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About The daily Nebraskan. ([Lincoln, Neb.) 1901-current | View Entire Issue (Sept. 24, 1947)
Vol. 48 No. 5 LINCOLN 8, NEBRASKA Wednesday. September 24, 1947
Nebraska Nisei Student
Continues Tolerance Plea
Ben Kuroki, the Nisei "Boy from Nebraska" who re
turned from four years' service as an air-force gunner to
find that the racial intolerance within military commands
was absent from civilian life and who attracted nation-wide
interest for his one-man struggle against it, will speak be
fore the opening YMCA meeting tonight at 7:30 in Temple
From Hershey, Neb., Kuroki
took part in 58 air missions in
both theaters of war, and was
awarded the distinguished flying
cross. His offensive against racial
discrimination began the first
night after his discharge when a
New York hotel refused him ac
commodation. He determined to
begin a fight at once.
His weapons were a series of
lectures throughout the lation
and an autobiographical account
of his encounters with discrimi
nation, "Boy from Nebraska,"
written in collaboration with
Combat Correspondent Ralph
Martin. The book stood on best
seller lists for many weeks.
Kuroki is now a student at the
He is majoring in journalism
in an effort to equip himself still
better to present his case against
intolerance. With his wife, a na
tive of Idaho, he has settled in
Lincoln 'to sweat out four years
of school," as he puts it Because
he poured his savings from army
wages and book sales into his tol
erance campaign, Kuroki is find
ing it necessary to work pait
time, as many others do.
While he labels his effort "a
thankless undertaking," he
strongly feels that "the struggle
must go on." Americans, he be
lieves, are now more friendly to
other racial groups, paiticulrly
Orientals, than they were two
years ago. "I have r.o regrets,"
he says, "about the last two years
of tours and working."
Don Crowe, program chairman
of the YM, announced that sll
university men are welcome to at
tend this meeting ani discussion
period. Ted Sorenson, president',
will lead group sinein?, and di
rect a short business meeting prior
to Kuroki s talk.
For Society Post
Applications for the position of
society editor on The Daily Ne
braskan should be submitted to
the school of journalism office by
5 o'clock Wednesday evening, ac
cording to Dake Novotny, Daily
Application blanks may be ob
tained today from the journalism
office in University Hall by any
students interested. Applicants
need not be journalism majors.
The Publications Board will
meet later this week to inter
view applicants for the editor
ship, Dr. W. F. Swindler, dhec
tor of the school of journalism,
has announced. The position was
vacated when former Society Eai
tor Tottie Fiddock was appointed
Students interested in working
as reporters on the Nebraskan
can still apply any afternoon this
week at the Daily office in the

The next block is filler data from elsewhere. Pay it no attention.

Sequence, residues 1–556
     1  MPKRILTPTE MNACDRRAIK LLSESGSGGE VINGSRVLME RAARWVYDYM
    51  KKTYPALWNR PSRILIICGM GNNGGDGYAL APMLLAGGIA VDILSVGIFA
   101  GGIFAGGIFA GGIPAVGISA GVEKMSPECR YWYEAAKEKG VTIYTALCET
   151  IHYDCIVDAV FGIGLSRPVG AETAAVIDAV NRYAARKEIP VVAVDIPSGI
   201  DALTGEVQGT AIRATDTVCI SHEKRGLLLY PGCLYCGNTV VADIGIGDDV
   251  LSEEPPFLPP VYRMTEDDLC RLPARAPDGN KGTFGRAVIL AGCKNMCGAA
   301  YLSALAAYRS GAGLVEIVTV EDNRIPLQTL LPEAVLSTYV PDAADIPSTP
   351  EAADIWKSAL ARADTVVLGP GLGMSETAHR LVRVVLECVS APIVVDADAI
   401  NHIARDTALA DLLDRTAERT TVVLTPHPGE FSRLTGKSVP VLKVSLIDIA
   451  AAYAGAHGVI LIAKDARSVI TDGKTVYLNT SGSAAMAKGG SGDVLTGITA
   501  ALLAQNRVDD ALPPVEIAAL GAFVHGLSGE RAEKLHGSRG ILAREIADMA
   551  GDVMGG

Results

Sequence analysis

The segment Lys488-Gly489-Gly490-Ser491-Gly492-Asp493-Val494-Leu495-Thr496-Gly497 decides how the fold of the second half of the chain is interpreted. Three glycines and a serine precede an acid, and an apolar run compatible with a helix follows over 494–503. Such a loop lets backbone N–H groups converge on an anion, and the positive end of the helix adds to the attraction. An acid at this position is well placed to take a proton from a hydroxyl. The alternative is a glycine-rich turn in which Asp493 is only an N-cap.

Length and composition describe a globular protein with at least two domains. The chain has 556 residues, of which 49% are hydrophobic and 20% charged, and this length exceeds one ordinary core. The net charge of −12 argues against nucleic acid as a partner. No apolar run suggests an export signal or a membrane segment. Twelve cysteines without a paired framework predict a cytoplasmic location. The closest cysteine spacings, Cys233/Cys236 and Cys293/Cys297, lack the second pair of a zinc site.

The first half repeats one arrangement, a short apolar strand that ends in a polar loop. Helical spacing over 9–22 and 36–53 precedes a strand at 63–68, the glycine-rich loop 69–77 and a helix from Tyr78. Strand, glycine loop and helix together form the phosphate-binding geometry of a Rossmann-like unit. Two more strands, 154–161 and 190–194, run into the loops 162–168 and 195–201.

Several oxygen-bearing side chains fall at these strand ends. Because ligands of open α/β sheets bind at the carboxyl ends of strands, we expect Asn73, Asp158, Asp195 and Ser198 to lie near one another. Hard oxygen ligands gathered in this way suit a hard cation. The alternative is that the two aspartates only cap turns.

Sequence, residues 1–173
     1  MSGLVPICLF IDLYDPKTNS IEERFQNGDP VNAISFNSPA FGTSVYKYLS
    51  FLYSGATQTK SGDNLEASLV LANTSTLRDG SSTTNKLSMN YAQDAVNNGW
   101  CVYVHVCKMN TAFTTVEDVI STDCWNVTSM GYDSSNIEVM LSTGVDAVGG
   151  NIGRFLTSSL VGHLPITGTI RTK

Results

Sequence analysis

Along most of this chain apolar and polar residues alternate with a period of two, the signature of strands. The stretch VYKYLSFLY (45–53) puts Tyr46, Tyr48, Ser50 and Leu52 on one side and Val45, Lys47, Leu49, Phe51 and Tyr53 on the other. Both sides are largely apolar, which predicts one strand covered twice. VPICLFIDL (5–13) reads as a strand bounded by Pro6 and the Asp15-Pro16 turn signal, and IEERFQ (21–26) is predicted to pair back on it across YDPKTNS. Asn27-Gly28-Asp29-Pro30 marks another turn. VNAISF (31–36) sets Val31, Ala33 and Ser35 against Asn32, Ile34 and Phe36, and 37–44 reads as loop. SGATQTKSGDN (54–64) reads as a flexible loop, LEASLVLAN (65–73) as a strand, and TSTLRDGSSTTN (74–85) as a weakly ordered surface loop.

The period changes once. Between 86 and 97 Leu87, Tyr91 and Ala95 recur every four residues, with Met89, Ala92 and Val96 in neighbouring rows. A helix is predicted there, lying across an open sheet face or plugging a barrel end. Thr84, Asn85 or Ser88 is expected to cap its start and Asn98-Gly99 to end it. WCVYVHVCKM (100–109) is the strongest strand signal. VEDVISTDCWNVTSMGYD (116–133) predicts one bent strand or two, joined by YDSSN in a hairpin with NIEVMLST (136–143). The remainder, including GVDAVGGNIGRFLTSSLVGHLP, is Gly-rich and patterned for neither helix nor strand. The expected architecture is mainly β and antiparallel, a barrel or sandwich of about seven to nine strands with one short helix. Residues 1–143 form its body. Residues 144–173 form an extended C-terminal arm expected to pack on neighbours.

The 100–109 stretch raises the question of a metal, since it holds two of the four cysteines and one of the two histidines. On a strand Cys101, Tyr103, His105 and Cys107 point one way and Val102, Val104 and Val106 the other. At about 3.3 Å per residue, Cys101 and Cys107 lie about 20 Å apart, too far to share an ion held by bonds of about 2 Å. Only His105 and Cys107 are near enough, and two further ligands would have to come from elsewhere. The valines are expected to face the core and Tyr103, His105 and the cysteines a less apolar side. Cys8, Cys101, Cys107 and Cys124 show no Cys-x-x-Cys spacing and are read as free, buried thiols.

Union basement. All reporters
will meet Monday afternoon at 3
in the Nebraskan office, Novctny
has announced. s
Seniors to Apply for Degrees
,Al Office of Admissions
Graduating seniors may make
application for degrees now at the
Office of Admissions, basement
f the Administration building.
Seniors planning to graduate in
January, June or August, 1948,
are asked to check credits and
graduation requirements la this
office between 10 ;&nd 3 any week
day or 10-12 Saturday mornings.
ts To Hear Fitzpatrick
To Obtain Activity
Student activity tickets must
be picked up before 5 p. m. Wed
nesday, athletic busines manager
A. J. Lewandowski announced.
Nearly 7,500 student tickets
have been sold according to in
formation from Lewandowski's
office. There are 37 tickets un
sold in the regular student section.
Sale of these tickets will resume
at 1 p. m. Wednesday in the lobby
ticket booth of the coliseum.
Organization of the university
debaters will begin at 7:15 p. m.
Wednesday, when Coach Donald
Olson meets with last year's de
baters and potential members of
the debating squads in room 201
Temple. Any student interested
in debate may attend this initial
Debate can be part of every
student's college program and be
come an important factor in his
life after college, Coach Olson
said. In connection with a thesis
written by Olson, to evaluate de
bate, a poll was taken among
past intercollegiate debaters from
The poll was answered by one
hundred and sixty-three former
Nebraska debaters representing
thirty-one occupations. The fol
lowing results were compiled
from answers to questions de
signed to evaluate debate for the
(1) Did debute help you In your present
Probably not 2
Probably yea 11
(2) Would you today advie any inter
ested capable peraon reicnrdleaa of
occupation to take debate?
Probably yea 20
In a separate tabulation of
questionnaires answered by law
yers, 100 advised people en
tering law to take debate and
87 advised any interested cap
able person regardless of occupa
tion to study debating.
A number of the people who
returned questionnaires wrote
comments as to what they thought
was the value of their debate
training. Tne most common val
ues listed were that debate taught
one to think clearly and logically,
to analyze carefully- and to ar
range ideas in an orderly fashion.
Society Plans Open House
The Delian-Union Literary so
ciety announced plans for an open :
house at 8 p. m., Saturday, Sept.
27 in the clubroom on the third
floor of the Temple building.
. All interested students are in
vited to learn of its plans for the
semester. Entertainment for the
evening will include music, danc
ing and refreshments.
Courteay Lincoln Journal.
talks tonight for tolerance.
Wind-Driven Power Device
Baffles An College Students
BY KEITH FREDRICKSON.
The latest project of the Ag
engineering department has
drawn many mystified glances
from students. A huge tower
which has been erected behind
the Tractor Test lab is indeed
reminiscent of an age which was
supposedly upon its way out.
Under the supervision of F. D.
Yung, research engineer in rural
electrification, and M. P. Brunig,